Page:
[NOTE: The Week in Review will run Wednesday. All concert photos by Ron Elkman.]
Eight years ago, when asked if he had any interest in reuniting the band that sold some 120 million albums and turned him into a guitar hero for the ages,Mark Knopfler revealed that he had zero interest in revisiting that part of his past.
“It got too big,” Knopfler said of the white-hot spotlight that followed Dire Straits around the world during the mid-1980s height of its popularity. “If anyone can tell me one good thing about fame, I’d be very interested to hear it.”
In that sense, the Knopfler who took the stage Saturday night at Broward Center for the Performing Arts recalled another rock icon who follows his own muse. In the same way that Robert Plant eschews the mega-millions promised by a Led Zeppelin reunion to pursue music that speaks to him, Knopfler marches to his own tunes. Over the past two decades, he’s delivered eight solo albums and several film scores; along the way, he’s explored a variety of genres and influences, including a collaboration a few years back with country star Emmylou Harris.
So it came as no surprise to anyone familiar with his post-Straits career that Knopfler and his exceptional seven-piece band would deliver an evening of exquisite musical storytelling that visited different eras without overstaying the welcome.
What did prove surprising was how the sold-out, decidedly middle-aged crowd reacted to the 16-song set. Though clearly hoping to hear more of their favorite Dire Straits songs—witness the constant shout-outs in between songs, requests Knopfler made clear that he and the band would politely ignore—the wildly enthusiastic Halloween night audience had Knopfler’s back all night long.
The set drew early from Knopfler’s solo work, including two songs—“Broken Bones” and “Skydiver”—off his current album, “Tracker.” The backing band, which included former Dire Straits keyboardist and longtime Knopfler collaborator Guy Fletcher, was a show unto itself, incorporating everything from the cittern to the uilleann pipes—the national bagpipes of Ireland—into the music. Special kudos to John McCusker (violin) and Nigel Hitchcock (sax), who both lit up the stage throughout the evening.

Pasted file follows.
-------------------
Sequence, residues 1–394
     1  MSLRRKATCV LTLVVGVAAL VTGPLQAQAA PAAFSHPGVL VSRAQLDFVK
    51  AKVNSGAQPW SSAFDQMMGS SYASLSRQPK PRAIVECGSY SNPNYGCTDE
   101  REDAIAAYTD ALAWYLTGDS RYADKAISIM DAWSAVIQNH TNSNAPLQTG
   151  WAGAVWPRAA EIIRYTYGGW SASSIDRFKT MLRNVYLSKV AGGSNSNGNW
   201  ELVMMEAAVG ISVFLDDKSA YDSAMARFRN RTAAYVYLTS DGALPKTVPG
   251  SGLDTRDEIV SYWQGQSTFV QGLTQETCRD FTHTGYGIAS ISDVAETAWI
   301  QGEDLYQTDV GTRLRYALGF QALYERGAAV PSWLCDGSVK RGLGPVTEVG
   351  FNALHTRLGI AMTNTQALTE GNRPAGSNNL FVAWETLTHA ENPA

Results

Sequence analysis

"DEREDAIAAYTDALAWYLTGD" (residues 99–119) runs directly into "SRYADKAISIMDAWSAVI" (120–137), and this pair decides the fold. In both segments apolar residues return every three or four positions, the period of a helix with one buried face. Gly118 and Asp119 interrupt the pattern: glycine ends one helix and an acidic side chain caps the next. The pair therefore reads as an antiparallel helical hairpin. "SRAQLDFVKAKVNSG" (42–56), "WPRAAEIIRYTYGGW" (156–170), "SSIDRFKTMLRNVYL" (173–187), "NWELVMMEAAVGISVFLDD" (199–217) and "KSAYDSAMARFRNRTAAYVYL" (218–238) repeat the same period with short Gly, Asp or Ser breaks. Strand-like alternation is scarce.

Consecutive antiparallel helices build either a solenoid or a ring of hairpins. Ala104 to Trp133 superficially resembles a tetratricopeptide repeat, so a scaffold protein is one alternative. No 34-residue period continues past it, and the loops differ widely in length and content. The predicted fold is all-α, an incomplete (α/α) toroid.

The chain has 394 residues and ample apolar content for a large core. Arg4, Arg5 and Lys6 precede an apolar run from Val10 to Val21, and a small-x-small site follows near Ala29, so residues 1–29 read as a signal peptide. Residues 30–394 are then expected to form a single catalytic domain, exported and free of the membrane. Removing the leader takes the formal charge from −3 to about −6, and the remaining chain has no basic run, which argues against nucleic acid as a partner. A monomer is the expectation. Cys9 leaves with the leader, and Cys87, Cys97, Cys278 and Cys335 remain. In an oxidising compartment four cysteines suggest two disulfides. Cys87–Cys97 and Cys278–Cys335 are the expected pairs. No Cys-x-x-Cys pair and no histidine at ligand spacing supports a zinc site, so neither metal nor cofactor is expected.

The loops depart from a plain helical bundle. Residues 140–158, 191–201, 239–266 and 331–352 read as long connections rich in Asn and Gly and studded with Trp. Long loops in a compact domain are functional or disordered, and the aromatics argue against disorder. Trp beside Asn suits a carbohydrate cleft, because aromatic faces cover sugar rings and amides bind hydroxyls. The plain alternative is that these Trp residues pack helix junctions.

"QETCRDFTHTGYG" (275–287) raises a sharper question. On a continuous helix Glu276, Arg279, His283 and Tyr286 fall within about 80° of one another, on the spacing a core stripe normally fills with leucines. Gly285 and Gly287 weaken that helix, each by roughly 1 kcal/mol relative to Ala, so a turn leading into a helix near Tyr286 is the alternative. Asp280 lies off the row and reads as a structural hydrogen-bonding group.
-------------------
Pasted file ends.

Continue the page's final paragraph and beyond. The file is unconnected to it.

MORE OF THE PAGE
Though Knopfler, 66, often deferred to the prodigiously talented members of his band, he drew more than enough mesmerizing sounds from his Stratocaster to remind us why he’s considered one of the great finger-pickers in rock history. “Hill Farmer’s Blues,” off his 2002 “Ragpicker’s Dream” album, showed Knopfler at his virtuosic best—a haunting, steadily building atmospheric number that brought the crowd to its feet. The beautifully reflective instrumental “Father and Son,” from the 1984 soundtrack to the movie “Cal,” was a special treat for anyone familiar with Knopfler’s movie-score work beyond “The Princess Bride.” Other guitarists may have better overall chops and showmanship, but good luck finding anyone who can coax more emotion out of a few chords.
When they did delve into the Dire Straits catalog, the band delivered home runs. Knopfler, in fine raspy-voiced form, delighted the crowd with the quiet classic “Romeo and Juliet,” as well as the song that launched the band, “Sultans of Swing.” The signature guitar work on “Sultans,” a sound that seemed so compelling and cool back in 1978, was just as fresh and hip 37 years later. How often can you say that about a song? It’s no wonder that it drew one of the biggest ovations of the night. Two songs off “Brothers in Arms,” the 1985 album that sent Dire Straits into the stratosphere, also found their way into the set—“Your Latest Trick” and an encore version of “So Far Away.”
It may not have been the set that every Dire Straits fan wanted, but it certainly was one they appreciated.
Corned Beef City
Father and Son
Hill Farmer’s Blues
Your Latest Trick
Romeo and Juliet
Sultans of Swing
Postcards from Paraguay
On Every Street
Speedway at Nazareth
So Far Away
Piper to the End